Tarp Shelter

The tarp I used for this shelter was a Warbonnet Superfly Tarp with the tent pole mod. I originally bought the tarp to use with my hammock because it has “doors” which help block wind and rain out. Plus, with the tent pole mod it gives me extra head room. I’ve used it plenty of times with my hammock, and love it for that use, but this was the first time on the ground. I decided to use it on the ground instead of one of my other tarps because of the doors to block the wind out and because it would be roomier for two people with the tent pole mod. This tarp worked out great as a ground shelter. We dealt with high winds that constantly changed direction and the tarp held up great and kept the wind out with the help of the “doors”.

This tarp in conjunction with UST’s heavy-duty emergency blanket as a ground cloth are a great combination for a winning ground shelter or tarp shelter. If you are on the fence about getting one of these tarps it is well worth the money in my humble opinion. I love this tarp for hammocking and now for ground dwelling as well. I will most definitely be using this for a ground shelter again in the future. What’s your favorite tarp or tarp shelter and why? Thanks for reading and remember to get out and enjoy some wilderness time.

 

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Update On My G. Fred Asbell Wool Pullover

 

Three and a half years ago I did a review on my wool pullover from G. Fred Asbell and I figured it was about time to do an update on that review. Especially since the original review is my most read blog post to date. People are reading that original review daily even after three and a half years.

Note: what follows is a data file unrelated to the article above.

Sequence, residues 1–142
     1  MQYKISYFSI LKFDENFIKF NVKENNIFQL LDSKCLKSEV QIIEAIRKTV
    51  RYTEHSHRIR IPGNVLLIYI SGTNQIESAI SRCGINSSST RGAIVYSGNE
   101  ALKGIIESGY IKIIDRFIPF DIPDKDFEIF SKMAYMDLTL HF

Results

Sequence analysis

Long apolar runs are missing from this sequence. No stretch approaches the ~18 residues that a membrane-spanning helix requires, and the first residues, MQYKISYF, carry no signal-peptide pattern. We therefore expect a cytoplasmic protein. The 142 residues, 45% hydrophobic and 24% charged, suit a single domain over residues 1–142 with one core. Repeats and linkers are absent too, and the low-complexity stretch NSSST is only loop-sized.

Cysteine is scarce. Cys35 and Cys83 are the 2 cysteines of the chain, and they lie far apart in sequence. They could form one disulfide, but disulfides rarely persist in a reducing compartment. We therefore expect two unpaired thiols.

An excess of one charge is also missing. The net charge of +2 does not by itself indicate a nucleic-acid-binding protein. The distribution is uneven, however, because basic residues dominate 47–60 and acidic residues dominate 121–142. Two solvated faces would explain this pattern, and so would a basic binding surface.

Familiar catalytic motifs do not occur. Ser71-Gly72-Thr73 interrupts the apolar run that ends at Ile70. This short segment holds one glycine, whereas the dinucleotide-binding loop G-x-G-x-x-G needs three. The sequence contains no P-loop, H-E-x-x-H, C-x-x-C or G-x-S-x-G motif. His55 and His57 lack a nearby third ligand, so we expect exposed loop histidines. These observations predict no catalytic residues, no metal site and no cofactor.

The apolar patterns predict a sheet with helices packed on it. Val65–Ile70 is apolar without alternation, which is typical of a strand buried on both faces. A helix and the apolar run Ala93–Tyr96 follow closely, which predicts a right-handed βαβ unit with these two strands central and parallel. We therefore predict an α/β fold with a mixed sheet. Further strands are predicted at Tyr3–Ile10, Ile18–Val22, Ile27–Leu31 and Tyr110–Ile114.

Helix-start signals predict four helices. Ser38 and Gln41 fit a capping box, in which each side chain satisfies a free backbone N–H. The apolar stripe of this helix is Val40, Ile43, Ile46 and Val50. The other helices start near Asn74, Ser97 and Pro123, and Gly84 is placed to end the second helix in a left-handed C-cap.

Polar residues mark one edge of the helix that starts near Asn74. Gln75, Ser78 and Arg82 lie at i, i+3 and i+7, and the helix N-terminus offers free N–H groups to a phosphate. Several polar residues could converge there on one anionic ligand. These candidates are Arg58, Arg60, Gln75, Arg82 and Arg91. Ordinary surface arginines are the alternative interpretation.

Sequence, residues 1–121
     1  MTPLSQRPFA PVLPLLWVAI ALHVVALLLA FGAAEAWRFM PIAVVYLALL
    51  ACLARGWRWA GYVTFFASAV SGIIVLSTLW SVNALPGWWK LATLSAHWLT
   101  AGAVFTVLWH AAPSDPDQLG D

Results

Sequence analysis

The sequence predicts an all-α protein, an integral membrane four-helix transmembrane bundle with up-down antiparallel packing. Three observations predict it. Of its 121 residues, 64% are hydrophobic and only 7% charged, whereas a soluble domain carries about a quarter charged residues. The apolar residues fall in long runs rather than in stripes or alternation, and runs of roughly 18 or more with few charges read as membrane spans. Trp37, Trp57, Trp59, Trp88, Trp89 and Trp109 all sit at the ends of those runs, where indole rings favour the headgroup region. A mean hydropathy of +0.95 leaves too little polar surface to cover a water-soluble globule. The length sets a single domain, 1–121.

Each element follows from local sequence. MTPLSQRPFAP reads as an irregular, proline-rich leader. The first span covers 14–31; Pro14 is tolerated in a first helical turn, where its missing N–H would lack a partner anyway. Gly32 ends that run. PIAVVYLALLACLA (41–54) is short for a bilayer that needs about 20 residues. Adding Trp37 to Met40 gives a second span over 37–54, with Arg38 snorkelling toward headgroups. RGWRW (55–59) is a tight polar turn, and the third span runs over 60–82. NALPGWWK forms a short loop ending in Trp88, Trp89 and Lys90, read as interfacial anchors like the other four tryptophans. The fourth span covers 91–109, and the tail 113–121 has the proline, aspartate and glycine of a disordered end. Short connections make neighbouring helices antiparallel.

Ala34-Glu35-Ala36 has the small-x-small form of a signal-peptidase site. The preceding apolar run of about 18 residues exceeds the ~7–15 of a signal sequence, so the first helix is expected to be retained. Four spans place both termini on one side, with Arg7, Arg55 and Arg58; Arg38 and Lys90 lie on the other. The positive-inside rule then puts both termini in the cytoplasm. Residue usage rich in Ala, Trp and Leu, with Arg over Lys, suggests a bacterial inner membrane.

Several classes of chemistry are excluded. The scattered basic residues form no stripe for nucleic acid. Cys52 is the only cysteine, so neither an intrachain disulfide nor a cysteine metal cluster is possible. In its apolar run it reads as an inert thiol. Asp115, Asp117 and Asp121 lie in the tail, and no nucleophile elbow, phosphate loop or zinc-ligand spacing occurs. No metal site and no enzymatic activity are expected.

So, what do I think after three and a half years of hunting and camping in the original wool pullover I purchased? Well, simply put, I love it. First off, you wouldn’t even know it has been used that much. Mine has held up nicely and has become one of my favorite pieces of cold weather clothing. I liked my wool pullover so much that I bought one of their Pathfinder pullovers, got my wife one of their wool jackets (which she loves) and my oldest son ordered one of the Pathfinder pullovers because he liked mine so much.

My wife wore her wool jacket all last winter and loved how warm it kept her. It’s nice to know that I have good quality cold weather clothing that I can rely on living here in central New York during the colder months. I end up wearing my original wool pullover most of the winter when outdoors.

One of the best things about G. Fred Asbell wool clothing is the price point. You’re not spending an arm and a leg to get quality wool clothing. This is wool that the common man (or woman) can afford without breaking the bank. It’s sort of like a Mora knife. You’re getting an awesome product that’s worth way more than you paid for it and you can’t figure out how they do it for that price. Yes, there are a few extra things the higher end wool pullovers have that these don’t but to me the extra cost wasn’t worth it. Maybe if I had money to spend/waste, but a lot of us don’t have the extra to spend.

In the end, after three and a half years of use, I’m glad for every purchase I’ve made from www.AsbellWool.com  Disclaimer, I’ve bought and paid full price for everything I’ve received from G. Fred Asbell. They have never sent me anything for free and are unaware, to my knowledge, of my reviews. These are my experiences with the wool products I’ve owned from G. Fred Asbell and nobody else’s. If you own any of their wool what are your thoughts? Do you like it and why? If you don’t like it, why?

Reasons To Buy

  • Price Point
  • Quality
  • Built To Last
  • Supporting Local Mom and Pop Businesses